Chemaine's daughter shot more than 30 minutes of video, and I could hardly find a moment where he put a foot out of place. Here's a short clip of what he looked like for most of the lesson.
Many people have asked why I don't ride this horse more forward. The truth is, he just doesn't have the balance to do that. If I let him go faster, he has to run to keep from falling on his nose. He doesn't know how to sit and lengthen his stride. You would think that when he felt unbalanced, he would slow himself down, but his answer has always been to go faster. Convincing him that slower is a better choice has been hard, hard work. He's one of those who thinks his answer is always right, but finally, he seems to be rethinking things.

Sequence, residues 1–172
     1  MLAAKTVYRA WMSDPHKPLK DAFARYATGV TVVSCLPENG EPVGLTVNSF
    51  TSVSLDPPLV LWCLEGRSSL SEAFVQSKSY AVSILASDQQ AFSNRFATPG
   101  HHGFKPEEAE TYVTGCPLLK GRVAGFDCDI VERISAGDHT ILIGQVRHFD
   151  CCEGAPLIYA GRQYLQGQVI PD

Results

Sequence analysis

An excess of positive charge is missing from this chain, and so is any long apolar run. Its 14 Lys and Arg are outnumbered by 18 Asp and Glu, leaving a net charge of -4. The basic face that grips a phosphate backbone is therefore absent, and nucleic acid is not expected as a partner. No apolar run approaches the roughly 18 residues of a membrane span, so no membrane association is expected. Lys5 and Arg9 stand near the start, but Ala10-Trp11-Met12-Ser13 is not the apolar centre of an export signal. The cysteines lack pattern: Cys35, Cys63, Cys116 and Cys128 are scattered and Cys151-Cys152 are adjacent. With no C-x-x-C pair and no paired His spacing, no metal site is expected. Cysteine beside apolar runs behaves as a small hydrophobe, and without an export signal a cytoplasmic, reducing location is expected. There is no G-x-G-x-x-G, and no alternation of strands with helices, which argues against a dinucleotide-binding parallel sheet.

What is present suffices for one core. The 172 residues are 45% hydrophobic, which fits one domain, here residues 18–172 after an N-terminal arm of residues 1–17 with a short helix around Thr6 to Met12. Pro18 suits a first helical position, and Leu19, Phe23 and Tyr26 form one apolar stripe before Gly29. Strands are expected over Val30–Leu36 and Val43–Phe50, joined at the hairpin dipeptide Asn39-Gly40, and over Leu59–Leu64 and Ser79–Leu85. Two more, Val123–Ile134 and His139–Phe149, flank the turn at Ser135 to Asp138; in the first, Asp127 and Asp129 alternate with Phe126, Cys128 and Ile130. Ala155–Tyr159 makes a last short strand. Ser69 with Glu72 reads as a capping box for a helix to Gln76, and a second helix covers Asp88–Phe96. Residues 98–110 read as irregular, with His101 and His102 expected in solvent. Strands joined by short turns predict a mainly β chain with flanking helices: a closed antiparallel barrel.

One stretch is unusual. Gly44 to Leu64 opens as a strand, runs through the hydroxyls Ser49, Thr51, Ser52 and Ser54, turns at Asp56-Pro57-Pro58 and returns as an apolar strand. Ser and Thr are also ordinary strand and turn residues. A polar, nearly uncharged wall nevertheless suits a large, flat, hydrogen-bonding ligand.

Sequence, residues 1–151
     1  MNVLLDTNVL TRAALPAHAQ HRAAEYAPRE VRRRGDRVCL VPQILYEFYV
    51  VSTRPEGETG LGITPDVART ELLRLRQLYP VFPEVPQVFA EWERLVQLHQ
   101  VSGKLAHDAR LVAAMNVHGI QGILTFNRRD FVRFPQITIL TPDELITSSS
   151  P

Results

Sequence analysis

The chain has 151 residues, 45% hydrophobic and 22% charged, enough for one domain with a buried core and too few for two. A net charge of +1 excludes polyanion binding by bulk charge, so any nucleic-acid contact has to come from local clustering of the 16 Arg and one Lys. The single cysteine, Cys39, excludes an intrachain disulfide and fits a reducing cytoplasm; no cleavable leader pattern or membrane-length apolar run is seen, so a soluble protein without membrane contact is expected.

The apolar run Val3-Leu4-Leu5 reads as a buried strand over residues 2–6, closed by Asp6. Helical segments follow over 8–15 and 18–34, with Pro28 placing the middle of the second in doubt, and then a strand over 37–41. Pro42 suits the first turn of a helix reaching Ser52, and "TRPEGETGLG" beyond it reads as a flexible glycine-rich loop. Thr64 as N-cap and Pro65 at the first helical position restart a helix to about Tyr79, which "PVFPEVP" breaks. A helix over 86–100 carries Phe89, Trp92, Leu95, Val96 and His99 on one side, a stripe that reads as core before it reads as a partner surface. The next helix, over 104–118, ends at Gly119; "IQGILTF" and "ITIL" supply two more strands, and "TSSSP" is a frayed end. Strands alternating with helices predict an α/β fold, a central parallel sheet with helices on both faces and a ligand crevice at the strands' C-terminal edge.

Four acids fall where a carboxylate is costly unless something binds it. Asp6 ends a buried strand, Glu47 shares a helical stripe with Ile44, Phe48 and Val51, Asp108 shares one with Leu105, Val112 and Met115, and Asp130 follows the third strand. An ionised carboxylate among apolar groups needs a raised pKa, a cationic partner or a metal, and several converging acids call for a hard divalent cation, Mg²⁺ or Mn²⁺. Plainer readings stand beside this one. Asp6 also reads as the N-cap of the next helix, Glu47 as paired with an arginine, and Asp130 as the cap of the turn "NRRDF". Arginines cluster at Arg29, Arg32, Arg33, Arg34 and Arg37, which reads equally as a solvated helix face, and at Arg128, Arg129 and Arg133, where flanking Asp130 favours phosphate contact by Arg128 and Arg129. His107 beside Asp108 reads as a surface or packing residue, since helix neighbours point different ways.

So he just has to say, "This is my happy place right here. If I come back to this happy, relaxed place every time I lose my balance, then I am going to be okay."
So maybe a little bit slower and deeper again because he keeps asking, "Oh, can I come up now? Oh, can I come up now?" You have to convince him that no, that is not the right answer. Those are not the right questions to ask. When he starts to ask "the question" again, you need to re-establish that rhythm.
I want him to shorten up to the point where he recognizes you. He's still thinking about everything else.
You need to re-establish his mental connection as much as the feeling in your hand.